Let me say first, that this post is not about whether he should have said that, nor about whether that's even the actual truth. Rather, it's about reassuring his young fans that, if it was true, and if that had been his answer, he would have found love and support in each and every one of the communities with which he identifies.
Here's the background, in case somehow you've missed this story. Katie Couric hosted Notre Dame star football player Manti Te’o on her show Katie last week, for what was the future NFL linebacker’s first interview since the strange story about his non-existent girlfriend broke. Because the story has led to speculation that Te’o might be gay, naturally Couric asked him if he was.
He responded “No, far from it. Far from it,” (with special emphasis on the word “far.”)
Setting aside the way he said it, there are two reasons he would have given this answer.
The first, simplest, and most obvious reason is that it’s true. Couric could ask the exact same question to every single college athlete in the country, and probably at least 90% of them could answer, truthfully, the exact same way.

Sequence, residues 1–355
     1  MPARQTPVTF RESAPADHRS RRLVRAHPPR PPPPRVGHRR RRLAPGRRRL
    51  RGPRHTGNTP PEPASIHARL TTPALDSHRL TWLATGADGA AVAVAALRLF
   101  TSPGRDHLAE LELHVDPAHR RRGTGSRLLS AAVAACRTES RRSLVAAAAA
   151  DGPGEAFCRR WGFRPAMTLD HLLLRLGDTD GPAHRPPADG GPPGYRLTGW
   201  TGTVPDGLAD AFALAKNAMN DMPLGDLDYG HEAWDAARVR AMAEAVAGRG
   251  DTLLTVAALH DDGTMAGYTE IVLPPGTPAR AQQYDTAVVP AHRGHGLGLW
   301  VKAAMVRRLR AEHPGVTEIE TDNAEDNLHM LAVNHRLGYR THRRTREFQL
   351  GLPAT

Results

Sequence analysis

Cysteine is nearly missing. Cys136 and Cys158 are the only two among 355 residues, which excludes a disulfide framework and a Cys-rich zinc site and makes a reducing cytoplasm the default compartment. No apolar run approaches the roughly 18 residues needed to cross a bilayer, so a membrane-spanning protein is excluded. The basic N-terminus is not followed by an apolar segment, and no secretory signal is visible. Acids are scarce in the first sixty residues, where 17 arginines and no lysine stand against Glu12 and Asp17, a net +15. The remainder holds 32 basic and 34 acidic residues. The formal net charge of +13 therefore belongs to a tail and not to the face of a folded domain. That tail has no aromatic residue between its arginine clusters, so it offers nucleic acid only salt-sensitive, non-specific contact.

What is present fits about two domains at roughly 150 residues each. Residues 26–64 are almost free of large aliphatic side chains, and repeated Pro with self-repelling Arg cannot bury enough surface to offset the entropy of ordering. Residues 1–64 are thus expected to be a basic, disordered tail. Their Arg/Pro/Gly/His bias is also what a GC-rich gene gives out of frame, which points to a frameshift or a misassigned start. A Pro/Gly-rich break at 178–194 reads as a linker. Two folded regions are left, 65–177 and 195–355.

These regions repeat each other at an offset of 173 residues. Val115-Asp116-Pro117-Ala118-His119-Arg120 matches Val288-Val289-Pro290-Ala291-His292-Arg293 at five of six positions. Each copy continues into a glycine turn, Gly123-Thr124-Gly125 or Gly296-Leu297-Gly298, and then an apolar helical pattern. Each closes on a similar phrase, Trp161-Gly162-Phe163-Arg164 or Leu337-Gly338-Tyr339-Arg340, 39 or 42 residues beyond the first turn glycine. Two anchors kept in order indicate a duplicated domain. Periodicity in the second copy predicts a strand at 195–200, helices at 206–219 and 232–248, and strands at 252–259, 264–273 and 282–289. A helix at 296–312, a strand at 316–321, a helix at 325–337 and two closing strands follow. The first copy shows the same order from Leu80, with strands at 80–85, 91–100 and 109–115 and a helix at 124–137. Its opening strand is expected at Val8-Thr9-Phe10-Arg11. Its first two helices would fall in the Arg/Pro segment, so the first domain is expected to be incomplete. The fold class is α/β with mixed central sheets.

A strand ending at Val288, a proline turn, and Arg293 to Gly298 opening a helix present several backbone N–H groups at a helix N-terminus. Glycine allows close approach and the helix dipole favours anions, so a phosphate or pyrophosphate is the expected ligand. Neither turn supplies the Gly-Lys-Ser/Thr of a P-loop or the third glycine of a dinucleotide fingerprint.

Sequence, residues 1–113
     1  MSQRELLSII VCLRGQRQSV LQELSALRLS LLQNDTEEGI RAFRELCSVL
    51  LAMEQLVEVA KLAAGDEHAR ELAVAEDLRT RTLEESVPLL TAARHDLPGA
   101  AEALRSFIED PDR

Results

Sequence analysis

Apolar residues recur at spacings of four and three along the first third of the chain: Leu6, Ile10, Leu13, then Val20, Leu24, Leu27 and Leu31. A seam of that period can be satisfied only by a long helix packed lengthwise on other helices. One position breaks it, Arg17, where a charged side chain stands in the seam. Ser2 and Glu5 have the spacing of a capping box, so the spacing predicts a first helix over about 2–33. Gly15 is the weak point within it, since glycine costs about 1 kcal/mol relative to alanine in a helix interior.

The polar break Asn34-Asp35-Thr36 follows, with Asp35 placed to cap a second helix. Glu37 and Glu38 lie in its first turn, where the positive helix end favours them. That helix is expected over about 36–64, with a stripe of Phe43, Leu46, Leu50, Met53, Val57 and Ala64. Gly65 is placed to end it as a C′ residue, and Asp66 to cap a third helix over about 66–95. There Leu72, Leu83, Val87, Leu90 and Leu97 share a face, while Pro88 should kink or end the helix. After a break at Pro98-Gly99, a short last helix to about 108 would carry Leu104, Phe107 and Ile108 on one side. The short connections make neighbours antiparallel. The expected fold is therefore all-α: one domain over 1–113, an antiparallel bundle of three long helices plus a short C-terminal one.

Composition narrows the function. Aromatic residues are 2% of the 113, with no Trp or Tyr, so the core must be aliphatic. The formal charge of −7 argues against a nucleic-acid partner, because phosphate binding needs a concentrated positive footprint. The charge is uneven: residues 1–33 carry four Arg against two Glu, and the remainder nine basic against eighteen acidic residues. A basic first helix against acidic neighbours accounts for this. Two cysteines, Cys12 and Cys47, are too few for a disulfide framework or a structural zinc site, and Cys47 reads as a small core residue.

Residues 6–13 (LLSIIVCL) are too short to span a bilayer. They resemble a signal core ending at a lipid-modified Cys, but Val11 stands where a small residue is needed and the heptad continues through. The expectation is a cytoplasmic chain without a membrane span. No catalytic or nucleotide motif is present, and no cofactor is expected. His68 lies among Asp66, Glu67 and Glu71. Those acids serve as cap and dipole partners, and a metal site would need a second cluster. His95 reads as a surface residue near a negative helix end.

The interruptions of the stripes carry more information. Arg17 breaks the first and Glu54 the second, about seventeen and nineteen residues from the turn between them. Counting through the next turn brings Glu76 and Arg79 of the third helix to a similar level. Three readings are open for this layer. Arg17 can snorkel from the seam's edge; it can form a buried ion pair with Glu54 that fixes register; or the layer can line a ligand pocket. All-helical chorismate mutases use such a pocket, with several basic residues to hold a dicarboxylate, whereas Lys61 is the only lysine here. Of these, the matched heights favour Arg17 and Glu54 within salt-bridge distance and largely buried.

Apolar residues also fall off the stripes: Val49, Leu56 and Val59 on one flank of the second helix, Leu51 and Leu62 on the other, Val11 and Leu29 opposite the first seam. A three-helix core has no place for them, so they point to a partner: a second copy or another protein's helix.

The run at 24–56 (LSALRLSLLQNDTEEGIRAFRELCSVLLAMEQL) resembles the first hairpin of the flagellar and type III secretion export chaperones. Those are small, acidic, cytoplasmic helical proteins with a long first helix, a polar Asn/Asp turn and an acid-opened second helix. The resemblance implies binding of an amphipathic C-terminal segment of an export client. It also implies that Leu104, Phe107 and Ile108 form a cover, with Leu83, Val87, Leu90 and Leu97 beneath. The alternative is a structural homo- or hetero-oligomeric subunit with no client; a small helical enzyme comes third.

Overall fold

The second and far more complicated reason would be if it’s not true, but that’s what he felt he had to say.
It’s not my business to speculate as to which of these reasons applied to Te’o in his interview, nor do I have any interest in doing so.
This is not actually about Te’o himself. It’s about his classmates, his fans, and any other young people who might identify with him, and who might have been disheartened by his answer because they don't believe him. There are many young people out there, right now, who still believe that Te’o is gay, and that he felt he couldn’t come out because he’s an athlete, or specifically because he’s a football player, or because he goes to Notre Dame, or because that’s a Catholic community, or because he’s Mormon, or because he’s from Hawaii, or even because he’s an Eagle Scout.
I’ve been watching the media – and sports media in particular – for decades. And I know that this question, once raised, almost never goes away, no matter what the truth is.
What matters to me at this point is that there are thousands and thousands of gay young people out there who have seen this clip of this interview, who need to hear that if it had been a different person in that chair with Katie Couric, one for whom the answer would have been “yes,” that person would be able to find love and support in each and every one of his communities.